We have smart TVs, smartphones and smart cars, so why not smart homes too? The smart home industry is still in its infancy. Like any new industry, every manufacturer thinks it knows best and brings its own standards to the market. In the smart home automation market, those standards are based around the protocol used. So which smart home automation protocol is right for you?
A protocol is essentially the language devices use to talk to each other. As communication between devices is how smart home automation works, it is an important consideration. To make life even more interesting there are ten or so smart home automation protocols on the market right now. Some will only work on their own while others will work with a range of protocols.
So before making any buying decisions, it’s important to know which protocol is for you. Let’s take a quick look at each.
UPB, or Universal Powerline Bus uses your house’s wiring to transmit data between devices. The protocol is efficient and reliable but not compatible with many other protocols. It also makes wireless transmission difficult and is low bandwidth so can be slow. You cannot encrypt UPB either.
X10 has been around for almost 40 years and also uses the home wiring to communicate. It was supposed to be superseded by UPB but it didn’t happen. Because of its age, the protocol is limited to simple, narrowband instructions and susceptible to electronic interference. This interference can be mitigated with filters though.
Z-Wave is a wireless protocol that has been around for a while and therefore compatible with a range of devices. Currently, there are around 1,200 devices on the market that work with Z-Wave. The upside is that the protocol is simple to set up, requires very little power and can use each device as a repeater. The downside is that just like Wi-Fi, some homes suffer with low reception.
Insteon mixes both wireless and power line protocols and can combine them into a single smart home automation mesh. It is simple to set up, being mainly plug and play, turns devices into wireless repeaters and is infinitely scalable. Insteon compatible products are also readily available in stores.
ZigBee is another wireless protocol that works very well. It is picky in the devices it will work with so careful consideration has to be made in terms of purchasing and product choice. Nevertheless, it is a very efficient communications protocol that enables fast and easy setup.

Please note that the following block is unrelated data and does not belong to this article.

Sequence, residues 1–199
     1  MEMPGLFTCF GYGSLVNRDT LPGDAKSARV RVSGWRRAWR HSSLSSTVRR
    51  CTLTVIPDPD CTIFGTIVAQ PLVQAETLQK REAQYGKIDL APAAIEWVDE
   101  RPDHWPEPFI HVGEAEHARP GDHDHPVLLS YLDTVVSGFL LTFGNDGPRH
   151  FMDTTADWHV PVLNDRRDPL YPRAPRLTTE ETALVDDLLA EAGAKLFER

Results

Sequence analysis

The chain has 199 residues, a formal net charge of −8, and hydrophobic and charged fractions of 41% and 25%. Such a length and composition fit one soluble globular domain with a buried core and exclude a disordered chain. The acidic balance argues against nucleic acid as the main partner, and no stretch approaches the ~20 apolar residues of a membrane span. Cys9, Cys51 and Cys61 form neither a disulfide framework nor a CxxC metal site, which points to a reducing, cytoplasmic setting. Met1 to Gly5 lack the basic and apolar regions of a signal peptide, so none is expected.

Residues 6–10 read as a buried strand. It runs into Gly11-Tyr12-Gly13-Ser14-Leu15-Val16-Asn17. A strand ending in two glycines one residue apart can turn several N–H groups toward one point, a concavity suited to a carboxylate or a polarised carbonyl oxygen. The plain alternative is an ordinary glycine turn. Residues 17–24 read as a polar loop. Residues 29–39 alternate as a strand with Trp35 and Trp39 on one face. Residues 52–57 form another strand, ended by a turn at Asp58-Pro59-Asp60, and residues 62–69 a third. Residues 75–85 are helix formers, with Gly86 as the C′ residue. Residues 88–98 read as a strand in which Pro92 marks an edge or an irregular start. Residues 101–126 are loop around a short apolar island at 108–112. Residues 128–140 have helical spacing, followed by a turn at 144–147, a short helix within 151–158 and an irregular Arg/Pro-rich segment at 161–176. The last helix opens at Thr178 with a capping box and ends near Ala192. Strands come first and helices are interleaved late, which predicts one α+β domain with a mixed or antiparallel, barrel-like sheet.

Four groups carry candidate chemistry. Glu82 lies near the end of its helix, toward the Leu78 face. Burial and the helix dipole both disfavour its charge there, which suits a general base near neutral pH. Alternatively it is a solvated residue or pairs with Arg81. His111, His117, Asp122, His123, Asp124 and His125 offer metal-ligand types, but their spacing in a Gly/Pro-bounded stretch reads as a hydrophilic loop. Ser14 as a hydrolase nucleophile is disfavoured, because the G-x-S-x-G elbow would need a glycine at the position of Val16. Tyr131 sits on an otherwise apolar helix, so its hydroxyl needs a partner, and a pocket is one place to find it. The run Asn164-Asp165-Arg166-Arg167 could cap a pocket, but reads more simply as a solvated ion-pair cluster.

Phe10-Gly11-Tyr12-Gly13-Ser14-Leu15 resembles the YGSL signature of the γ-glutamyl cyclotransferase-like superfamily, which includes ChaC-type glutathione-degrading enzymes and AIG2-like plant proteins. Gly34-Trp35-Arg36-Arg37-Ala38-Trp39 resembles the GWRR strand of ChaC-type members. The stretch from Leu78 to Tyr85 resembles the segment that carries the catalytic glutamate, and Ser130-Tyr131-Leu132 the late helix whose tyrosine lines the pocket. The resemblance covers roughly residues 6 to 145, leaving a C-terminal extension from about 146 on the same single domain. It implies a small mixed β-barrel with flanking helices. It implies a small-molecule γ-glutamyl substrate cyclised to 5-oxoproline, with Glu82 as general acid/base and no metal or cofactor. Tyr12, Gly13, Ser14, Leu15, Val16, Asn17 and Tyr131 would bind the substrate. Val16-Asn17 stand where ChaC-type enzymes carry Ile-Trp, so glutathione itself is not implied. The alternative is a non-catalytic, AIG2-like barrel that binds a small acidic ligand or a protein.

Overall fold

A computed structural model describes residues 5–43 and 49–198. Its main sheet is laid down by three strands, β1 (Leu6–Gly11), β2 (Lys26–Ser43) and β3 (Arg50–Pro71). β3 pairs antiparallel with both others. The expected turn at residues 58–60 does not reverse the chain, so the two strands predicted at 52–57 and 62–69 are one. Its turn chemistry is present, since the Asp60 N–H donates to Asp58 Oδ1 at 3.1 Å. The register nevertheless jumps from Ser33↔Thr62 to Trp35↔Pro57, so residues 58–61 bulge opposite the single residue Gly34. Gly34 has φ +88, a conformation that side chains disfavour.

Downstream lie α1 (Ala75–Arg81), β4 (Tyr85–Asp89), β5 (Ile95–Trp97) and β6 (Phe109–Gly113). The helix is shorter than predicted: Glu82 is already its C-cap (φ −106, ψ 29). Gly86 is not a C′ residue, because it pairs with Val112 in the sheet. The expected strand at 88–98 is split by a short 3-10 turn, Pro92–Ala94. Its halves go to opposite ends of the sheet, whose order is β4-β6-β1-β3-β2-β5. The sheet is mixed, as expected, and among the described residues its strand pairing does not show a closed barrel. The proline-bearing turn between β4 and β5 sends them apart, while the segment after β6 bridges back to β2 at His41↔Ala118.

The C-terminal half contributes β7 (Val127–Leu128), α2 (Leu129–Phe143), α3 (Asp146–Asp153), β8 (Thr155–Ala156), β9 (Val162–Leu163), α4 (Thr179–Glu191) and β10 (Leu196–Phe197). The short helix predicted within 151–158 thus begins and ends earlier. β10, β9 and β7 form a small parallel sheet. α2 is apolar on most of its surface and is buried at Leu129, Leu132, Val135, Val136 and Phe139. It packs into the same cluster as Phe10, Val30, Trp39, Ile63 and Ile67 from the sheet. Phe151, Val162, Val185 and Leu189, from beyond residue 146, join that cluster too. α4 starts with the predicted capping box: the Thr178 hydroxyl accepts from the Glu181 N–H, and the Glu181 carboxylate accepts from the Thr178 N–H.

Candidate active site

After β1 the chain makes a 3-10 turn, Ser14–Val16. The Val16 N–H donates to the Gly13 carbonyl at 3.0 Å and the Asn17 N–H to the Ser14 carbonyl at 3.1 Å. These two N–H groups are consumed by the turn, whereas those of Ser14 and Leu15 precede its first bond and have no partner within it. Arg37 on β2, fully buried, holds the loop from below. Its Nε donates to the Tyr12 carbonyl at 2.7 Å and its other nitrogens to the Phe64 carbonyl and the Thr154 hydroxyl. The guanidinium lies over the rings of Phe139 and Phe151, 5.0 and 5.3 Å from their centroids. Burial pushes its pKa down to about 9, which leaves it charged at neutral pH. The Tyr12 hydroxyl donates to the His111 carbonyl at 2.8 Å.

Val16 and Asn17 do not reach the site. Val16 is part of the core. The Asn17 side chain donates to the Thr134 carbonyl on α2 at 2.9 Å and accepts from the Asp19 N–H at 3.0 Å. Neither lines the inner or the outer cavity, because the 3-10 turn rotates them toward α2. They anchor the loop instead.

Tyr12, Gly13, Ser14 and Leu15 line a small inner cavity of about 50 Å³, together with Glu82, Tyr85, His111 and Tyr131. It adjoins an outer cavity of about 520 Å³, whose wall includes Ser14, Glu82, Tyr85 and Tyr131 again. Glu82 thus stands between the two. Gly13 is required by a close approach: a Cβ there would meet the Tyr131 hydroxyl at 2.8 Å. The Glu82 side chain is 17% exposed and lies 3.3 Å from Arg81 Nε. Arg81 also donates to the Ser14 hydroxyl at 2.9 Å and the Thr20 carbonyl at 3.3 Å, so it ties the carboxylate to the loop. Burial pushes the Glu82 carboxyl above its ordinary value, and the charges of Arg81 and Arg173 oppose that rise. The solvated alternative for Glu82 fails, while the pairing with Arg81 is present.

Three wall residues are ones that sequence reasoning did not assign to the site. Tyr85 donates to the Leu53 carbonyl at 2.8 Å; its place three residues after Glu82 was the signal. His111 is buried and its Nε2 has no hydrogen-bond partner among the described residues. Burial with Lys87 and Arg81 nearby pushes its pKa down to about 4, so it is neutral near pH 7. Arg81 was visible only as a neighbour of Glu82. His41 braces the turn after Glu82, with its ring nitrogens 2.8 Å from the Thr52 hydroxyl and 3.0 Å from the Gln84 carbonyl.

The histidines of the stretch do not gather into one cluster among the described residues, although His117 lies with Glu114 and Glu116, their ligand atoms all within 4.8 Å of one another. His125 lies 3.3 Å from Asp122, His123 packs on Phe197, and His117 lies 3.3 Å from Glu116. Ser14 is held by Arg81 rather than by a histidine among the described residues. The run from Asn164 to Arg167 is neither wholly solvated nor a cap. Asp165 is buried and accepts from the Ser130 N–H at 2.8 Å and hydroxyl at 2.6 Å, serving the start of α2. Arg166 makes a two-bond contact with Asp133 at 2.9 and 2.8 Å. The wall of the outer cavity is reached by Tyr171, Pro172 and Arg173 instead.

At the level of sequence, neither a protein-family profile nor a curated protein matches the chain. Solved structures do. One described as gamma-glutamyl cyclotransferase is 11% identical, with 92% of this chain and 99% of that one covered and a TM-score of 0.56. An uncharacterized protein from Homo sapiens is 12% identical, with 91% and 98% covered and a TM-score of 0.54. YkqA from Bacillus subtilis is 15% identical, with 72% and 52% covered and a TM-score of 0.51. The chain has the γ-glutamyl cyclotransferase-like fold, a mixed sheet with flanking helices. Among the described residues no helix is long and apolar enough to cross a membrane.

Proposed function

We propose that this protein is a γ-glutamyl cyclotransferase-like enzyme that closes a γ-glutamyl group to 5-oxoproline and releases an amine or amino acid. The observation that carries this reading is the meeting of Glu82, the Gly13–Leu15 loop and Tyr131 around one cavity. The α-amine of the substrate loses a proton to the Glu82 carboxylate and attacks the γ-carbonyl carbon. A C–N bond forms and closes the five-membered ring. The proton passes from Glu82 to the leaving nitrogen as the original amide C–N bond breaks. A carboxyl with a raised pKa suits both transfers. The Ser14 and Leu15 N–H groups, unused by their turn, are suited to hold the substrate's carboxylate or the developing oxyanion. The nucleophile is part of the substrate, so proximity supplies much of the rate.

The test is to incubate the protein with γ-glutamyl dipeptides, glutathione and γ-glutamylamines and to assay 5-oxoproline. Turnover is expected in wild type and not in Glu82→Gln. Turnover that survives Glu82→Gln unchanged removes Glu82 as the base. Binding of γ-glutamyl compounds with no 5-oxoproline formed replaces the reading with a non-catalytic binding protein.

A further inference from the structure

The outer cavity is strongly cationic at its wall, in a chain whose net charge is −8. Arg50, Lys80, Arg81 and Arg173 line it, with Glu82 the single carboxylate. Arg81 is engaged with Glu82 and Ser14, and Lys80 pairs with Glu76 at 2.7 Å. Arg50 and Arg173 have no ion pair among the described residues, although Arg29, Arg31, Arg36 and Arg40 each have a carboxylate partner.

We all know Wi-Fi and use it every day so it needs very little introduction here. Wi-Fi just works and many of us already have Wi-Fi routers already. The downside is mainly down to interference and bandwidth but is only really an issue in homes with lots of Wi-Fi devices already.
Bluetooth uses less power than Wi-Fi but has a shorter range. It is also another familiar protocol that we know and use already. The advantages of Bluetooth are interoperability and security. The downside, at least until BLE (Bluetooth Low Energy) is more widespread is that very limited range.
Thread is a relative newcomer but is gaining popularity because of its flexibility and self-healing nature. It works well with battery-operated devices and can be secured effectively. Both Google’s Nest and Samsung Electronics use Thread with more manufacturers releasing compatible devices. Currently more than 250 devices work with the Thread protocol.
As to the original question, of which smart home automation protocol is right for you? Much depends on your brand preference and type of home. Many products will work with multiple protocols offering a little more freedom. Others do not but have other advantages. Choosing a protocol right now is a tough choice and will essentially come down to the one used by the products that best fits your needs.
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